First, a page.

Submitted: 25 June 2012
Accepted: 25 June 2012
Published: 30 September 2009
Abstract Views: 1078
PDF: 655
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The present paper reports the results of some spray application trials carried out in two tomato greenhouses to assess foliar deposition, ground losses, and dermal operator exposure when using hand-held highpressure spray lances. Two operating ways (forward vs. backwards operator movement) and two different plant vegetative stages (pre-production vs. full development) were taken into consideration. An experimental design with one factor (the operator walking direction) was adopted, arranged according to a randomised block design with three replicates. Volume application rates were settled according to the plant development: 900 L/ha in pre-production stage and 1800 L/ha at full development stage. The results showed no statistically significant differences in the mean foliar deposition between the two walking directions in both development stages. The greatest differences among the sampling locations were observed in pre-production stage, when, due to the spraying technique (spray jet directed from top to bottom), the foliar deposits in the low part of the canopy were much lower than those in the middle and high part. Also ground losses were unaffected by walking direction: they ranged on average from 14.3% to 23.5% of the applied volume rate. Finally, the dermal operator exposure was greatly affected by walking direction: at full development stage, it was 8 times higher walking forward than walking backwards. So, this simple change in field practice can noticeably improve the operator safety, without penalising working capacity and quality of deposition.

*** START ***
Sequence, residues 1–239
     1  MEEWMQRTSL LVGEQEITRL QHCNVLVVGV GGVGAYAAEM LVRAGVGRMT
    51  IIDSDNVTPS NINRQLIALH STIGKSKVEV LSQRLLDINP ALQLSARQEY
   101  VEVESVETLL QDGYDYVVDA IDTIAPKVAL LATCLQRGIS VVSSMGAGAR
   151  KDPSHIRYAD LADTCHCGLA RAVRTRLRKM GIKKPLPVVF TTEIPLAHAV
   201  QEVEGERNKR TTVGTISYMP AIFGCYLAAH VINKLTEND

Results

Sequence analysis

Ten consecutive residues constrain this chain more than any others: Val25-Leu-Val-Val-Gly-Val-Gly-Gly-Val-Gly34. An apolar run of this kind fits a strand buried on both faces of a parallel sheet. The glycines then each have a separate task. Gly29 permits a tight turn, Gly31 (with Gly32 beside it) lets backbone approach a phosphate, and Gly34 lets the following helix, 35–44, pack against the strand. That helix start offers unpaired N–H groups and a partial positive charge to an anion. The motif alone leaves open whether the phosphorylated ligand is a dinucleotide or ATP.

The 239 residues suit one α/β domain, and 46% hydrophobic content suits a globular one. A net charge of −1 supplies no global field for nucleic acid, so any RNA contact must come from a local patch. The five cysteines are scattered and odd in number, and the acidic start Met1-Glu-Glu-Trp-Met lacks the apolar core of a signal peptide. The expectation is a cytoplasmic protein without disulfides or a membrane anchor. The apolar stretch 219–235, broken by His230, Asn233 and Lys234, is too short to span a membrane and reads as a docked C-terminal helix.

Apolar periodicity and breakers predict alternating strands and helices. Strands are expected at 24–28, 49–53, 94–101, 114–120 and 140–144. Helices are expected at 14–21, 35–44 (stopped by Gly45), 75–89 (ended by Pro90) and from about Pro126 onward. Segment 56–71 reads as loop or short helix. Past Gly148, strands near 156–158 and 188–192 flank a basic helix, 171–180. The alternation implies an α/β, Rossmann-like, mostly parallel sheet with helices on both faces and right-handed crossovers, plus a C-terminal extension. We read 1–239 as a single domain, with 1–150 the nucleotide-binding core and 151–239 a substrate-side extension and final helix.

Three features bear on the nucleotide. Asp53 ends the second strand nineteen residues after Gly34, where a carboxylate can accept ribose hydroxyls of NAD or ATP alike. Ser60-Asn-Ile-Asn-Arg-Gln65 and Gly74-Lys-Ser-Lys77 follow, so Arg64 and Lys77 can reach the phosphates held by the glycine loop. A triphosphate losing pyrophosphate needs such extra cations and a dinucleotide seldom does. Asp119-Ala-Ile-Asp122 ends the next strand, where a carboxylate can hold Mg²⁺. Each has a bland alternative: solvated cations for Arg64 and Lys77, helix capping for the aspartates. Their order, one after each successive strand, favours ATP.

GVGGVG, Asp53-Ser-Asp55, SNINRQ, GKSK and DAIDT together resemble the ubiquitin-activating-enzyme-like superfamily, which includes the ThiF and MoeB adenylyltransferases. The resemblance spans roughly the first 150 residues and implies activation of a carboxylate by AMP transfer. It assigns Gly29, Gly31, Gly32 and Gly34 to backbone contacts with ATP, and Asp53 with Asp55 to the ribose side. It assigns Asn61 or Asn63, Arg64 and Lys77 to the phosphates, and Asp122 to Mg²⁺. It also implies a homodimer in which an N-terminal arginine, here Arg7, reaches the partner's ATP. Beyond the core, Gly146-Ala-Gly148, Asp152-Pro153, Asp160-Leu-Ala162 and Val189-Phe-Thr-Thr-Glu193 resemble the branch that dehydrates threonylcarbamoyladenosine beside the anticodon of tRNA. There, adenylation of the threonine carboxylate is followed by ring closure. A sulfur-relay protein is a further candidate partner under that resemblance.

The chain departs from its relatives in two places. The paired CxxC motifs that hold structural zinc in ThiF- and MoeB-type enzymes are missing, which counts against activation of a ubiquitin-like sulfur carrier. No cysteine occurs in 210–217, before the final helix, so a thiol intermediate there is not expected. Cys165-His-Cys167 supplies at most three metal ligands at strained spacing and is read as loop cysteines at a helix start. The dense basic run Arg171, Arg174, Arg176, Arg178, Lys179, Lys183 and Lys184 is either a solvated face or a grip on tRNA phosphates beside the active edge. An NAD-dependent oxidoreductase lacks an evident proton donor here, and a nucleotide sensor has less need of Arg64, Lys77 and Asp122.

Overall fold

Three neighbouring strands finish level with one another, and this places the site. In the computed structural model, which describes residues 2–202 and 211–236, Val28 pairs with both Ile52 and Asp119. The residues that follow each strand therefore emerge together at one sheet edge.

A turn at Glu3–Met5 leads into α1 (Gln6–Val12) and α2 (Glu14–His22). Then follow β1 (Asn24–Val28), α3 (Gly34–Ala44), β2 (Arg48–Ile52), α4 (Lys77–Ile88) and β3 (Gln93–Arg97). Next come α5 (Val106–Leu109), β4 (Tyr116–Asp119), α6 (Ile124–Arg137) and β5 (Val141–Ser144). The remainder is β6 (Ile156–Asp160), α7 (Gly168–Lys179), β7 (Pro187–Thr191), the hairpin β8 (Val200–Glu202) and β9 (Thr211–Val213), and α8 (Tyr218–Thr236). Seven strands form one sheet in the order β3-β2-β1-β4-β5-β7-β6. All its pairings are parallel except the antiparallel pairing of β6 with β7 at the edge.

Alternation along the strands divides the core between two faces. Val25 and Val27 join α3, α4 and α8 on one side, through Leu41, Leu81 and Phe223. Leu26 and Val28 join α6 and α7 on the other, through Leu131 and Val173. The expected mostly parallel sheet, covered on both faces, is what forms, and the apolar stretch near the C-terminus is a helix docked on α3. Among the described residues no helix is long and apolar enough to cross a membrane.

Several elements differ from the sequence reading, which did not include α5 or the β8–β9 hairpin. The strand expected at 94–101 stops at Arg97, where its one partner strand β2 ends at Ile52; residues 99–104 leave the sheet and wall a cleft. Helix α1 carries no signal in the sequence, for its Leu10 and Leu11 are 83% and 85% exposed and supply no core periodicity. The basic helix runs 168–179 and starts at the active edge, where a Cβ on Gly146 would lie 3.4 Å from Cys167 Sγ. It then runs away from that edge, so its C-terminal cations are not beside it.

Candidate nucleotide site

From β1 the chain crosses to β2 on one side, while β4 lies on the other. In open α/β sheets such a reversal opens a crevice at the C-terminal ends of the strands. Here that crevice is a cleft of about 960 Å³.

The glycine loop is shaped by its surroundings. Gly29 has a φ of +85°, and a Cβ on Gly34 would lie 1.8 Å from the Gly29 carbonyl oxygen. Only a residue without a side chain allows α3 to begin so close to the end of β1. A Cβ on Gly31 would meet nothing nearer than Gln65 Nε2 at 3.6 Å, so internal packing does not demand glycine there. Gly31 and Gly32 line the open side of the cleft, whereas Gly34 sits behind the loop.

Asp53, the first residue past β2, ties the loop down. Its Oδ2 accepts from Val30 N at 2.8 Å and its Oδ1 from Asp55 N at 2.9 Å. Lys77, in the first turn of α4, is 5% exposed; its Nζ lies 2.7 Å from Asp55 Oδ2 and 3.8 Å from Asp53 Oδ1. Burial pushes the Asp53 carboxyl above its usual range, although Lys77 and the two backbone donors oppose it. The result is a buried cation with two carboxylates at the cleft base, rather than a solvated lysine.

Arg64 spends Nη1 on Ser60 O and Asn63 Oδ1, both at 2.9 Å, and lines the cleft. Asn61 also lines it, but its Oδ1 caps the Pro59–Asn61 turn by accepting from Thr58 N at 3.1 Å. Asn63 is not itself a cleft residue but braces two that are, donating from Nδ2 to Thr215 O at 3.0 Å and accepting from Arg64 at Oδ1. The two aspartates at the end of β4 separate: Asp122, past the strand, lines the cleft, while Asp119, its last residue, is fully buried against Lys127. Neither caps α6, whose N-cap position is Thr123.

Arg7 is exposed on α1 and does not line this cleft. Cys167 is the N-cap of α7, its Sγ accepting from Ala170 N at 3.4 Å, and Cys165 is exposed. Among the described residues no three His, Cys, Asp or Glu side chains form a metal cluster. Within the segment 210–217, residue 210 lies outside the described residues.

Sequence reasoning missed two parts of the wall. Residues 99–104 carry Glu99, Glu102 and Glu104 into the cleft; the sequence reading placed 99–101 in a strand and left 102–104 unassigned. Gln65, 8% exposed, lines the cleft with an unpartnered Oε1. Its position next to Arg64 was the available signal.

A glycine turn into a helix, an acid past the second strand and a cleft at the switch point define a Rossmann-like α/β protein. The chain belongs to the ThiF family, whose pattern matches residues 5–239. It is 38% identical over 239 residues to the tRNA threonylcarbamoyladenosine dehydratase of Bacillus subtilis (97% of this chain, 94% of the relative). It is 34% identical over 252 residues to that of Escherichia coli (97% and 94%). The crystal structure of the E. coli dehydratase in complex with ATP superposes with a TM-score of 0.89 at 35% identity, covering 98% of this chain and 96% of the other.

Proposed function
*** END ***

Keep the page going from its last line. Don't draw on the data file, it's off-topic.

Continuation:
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How to Cite

Cerruto, E., Emma, G. and Manetto, G. (2009) “SPRAY APPLICATIONS TO TOMATO PLANTS IN GREENHOUSES. PART 1: EFFECT OF WALKING DIRECTION”, Journal of Agricultural Engineering, 40(3), pp. 41–48. doi: 10.4081/jae.2009.3.41.